Reviews:

Granolapocalypse at CouchCouch, a New Generation of Poets

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Left to right: Heather Buzzard, Michael Hessel-Mial, and Henry Detweiler are the founders of OMIGODHELLOHOWAREYOU. Photo by Lilly Lampe.

On a Sunday night two weeks ago, a tawdry band of word-revelers gathered at CouchCouch, a live-work performance space on Edgewood Avenue, for an evening of poetry, performance, and PBR titled Granolapocalypse for the Fertile Galaxy. The free event, though not entirely cohesive, was a solid effort towards emboldening a young poetry community in a city where art often seems to exist in a void.

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It was the first event of the year for CouchCouch, an underground performance space prone to hosting loosely organized poetry readings, film screenings, and whatever else the revolving door of residents think of. (Click here for an interview podcast at Out There Atlanta.) Like the foil-gilded washing machines in the CouchCouch kitchen, the space seems mostly held together by tape, streamers, and unicorn dreams. In case you were wondering, there are no couches at CouchCouch.

The evening was organized under the banner of OMIGODHELLOHOWAREYOU, an event series founded by Heather Buzzard, Michael Hessel-Mial, and Henry Detweiler. This was their second event, and though the night began with a worryingly long list of participants with no time limit, thankfully the lengthy schedule was pared down due to several last-minute dropouts. The Granolapocalypse featured readings by each founder, as well as by Atlanta lit-vigilante Blake Butler and poet/blogger Steve Roggenbuck, who live-streamed the event from his MacBook until the internet connection gave out.

Blake Butler towers over the crowd. Photo by Lilly Lampe.
Henry Detweiler, aka DJ Salad Dressin', introduces a video segment that begins the evening. Photo by Lilly Lampe.
There are no couches at CouchCouch, but the audience doesn't mind. Photo by Lilly Lampe.

Young artsy types clad in thrift-store finery and not-so-fine-ry crowded the floor and doorways as poets spoke prose to themes of love and death. Sexual frustrations, satanic incantations, and odes to Ginsberg ran rampant through the skunk-tinged air. The poetry was sometimes overwhelmed by the energy and ferocity of the performance—not necessarily a bad thing. Some performances were monotone, others too staged. Some were invasive, as with Blake Butler who kept encroaching on the audience, stepping on feet and splashing beer as he shouted his lines hoarsely at the delighted crowd. We were warmed and ready for the 666-obsession of Steve Roggenbuck who, thrilled by the response, exuberantly shouted, “I am darker than Blake Butler! I am truly the darkest writer! 666!” as he jumped and spun in circles.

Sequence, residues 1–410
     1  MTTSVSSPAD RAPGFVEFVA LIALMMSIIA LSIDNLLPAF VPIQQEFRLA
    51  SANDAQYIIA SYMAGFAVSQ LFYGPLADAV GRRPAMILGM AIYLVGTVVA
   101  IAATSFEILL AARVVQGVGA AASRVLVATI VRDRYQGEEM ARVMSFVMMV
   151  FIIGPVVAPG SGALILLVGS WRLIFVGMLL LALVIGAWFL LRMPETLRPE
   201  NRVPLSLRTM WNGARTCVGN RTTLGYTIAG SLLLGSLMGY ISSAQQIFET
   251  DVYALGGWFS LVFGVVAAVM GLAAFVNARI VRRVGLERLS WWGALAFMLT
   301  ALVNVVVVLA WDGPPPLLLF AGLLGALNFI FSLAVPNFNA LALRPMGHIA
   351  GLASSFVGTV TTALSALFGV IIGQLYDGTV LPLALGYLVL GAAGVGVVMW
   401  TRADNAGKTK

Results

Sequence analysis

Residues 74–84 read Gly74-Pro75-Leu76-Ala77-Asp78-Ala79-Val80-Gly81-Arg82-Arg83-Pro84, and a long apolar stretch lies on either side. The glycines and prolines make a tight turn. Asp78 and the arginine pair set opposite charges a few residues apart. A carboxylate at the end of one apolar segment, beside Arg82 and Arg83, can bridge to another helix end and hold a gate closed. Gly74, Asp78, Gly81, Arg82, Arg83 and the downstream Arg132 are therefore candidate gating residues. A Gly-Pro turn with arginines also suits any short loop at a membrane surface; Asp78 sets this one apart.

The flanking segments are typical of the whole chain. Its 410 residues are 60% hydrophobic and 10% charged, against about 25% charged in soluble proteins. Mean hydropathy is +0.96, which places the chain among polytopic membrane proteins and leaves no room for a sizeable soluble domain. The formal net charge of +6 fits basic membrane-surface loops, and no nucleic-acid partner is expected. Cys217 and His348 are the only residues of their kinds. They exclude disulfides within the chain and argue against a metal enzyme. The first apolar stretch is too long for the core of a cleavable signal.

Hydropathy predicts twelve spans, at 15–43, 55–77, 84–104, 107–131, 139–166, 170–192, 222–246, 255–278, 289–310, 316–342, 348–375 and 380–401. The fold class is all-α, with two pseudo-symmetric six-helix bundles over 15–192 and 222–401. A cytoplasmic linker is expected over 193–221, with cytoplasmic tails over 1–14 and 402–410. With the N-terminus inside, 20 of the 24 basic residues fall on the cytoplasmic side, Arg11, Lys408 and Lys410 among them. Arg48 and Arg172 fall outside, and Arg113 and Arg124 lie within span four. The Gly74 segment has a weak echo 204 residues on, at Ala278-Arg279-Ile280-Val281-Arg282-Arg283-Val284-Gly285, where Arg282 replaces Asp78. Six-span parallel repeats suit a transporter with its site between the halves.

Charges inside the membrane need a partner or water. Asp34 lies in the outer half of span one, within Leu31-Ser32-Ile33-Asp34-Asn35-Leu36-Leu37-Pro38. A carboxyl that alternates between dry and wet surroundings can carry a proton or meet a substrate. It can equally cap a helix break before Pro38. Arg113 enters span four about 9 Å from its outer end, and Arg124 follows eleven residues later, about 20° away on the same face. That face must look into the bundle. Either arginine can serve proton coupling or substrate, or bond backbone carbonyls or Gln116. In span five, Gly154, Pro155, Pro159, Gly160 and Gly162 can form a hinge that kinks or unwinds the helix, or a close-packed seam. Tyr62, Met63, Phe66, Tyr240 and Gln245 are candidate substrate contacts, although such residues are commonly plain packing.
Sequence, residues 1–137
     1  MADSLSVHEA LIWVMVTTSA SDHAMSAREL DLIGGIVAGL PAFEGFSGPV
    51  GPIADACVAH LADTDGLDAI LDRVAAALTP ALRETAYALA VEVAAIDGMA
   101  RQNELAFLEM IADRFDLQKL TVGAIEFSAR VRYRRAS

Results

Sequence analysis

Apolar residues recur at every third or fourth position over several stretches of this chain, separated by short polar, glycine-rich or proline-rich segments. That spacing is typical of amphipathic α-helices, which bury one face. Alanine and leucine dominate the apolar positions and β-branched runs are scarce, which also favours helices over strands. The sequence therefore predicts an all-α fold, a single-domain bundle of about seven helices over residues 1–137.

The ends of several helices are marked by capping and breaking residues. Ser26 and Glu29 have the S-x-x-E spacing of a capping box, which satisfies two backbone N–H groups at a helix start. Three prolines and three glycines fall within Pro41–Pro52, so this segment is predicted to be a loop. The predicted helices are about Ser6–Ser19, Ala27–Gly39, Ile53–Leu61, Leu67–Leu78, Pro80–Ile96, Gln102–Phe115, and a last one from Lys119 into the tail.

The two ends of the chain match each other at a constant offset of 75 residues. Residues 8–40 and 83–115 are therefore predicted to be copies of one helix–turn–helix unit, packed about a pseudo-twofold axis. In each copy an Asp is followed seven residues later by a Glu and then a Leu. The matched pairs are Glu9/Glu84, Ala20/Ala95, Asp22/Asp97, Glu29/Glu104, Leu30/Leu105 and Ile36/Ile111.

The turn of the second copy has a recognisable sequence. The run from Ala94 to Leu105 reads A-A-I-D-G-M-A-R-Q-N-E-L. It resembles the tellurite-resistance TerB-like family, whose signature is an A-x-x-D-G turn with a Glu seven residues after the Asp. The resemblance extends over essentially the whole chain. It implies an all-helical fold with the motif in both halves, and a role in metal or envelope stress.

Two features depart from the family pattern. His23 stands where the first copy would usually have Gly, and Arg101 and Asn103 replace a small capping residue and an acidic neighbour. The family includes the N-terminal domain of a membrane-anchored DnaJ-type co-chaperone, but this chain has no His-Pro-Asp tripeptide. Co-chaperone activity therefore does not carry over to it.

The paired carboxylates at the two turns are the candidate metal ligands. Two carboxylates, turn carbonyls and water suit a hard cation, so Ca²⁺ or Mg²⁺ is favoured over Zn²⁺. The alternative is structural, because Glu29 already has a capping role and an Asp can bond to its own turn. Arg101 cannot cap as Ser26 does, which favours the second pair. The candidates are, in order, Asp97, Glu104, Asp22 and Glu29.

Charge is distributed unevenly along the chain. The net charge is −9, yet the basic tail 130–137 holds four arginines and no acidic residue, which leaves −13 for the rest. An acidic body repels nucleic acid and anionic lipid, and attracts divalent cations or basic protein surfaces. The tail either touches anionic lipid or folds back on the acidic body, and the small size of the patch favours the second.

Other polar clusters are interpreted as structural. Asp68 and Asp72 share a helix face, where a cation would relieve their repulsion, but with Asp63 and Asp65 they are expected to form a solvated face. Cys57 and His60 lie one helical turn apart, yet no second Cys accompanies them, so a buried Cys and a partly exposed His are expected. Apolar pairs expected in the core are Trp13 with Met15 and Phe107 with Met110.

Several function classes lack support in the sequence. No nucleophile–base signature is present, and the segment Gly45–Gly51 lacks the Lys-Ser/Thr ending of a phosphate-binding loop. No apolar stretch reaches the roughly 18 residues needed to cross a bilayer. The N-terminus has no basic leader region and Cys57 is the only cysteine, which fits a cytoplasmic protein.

The Granolapocalypse was a breath of fresh air compared to the contained readings of bookstores and coffee shops. CouchCouch is a tawdry yet friendly space where all are welcomed and any creativity is encouraged. In a city plagued by conservative and so-called “safe” curatorial choices, an unrestricted space like CouchCouch is like a blank canvas fished from the trash on which you can be unabashedly experimental. OMIGODHELLOHOWAREYOU is using that freedom to foster a friendly community of young poets who are mostly embryonic but with the potential to grow.

I’m encouraged by events held in spaces like CouchCouch and Luckie’s, another residential/performance space on Edgewood Avenue. It’s indicative of a community as yet existing outside the establishment but furiously driven to create art, a community present in other major cities but just emerging in Atlanta. It means that young artists and writers stick around after graduation and claim Atlanta’s rundown neighborhoods as low-rent creative centers. The only entry barrier is your level of daring, be it in art or your comfort in hanging around Edgewood late at night. I can’t imagine anything better.


Lilly Lampe is a freelance writer who holds a master’s degree from the University of Chicago with a concentration in art history. She is the cofounder of Out There Atlanta, a weekly podcast covering people, places, and events throughout the city and beyond.

Disclosure: Henry Detweiler serves as the new events editor for this publication. In pursuit of featuring work that significantly contributes to cultural discourse, as well as our commitment to transparency, our policy is to disclose instead of exclude.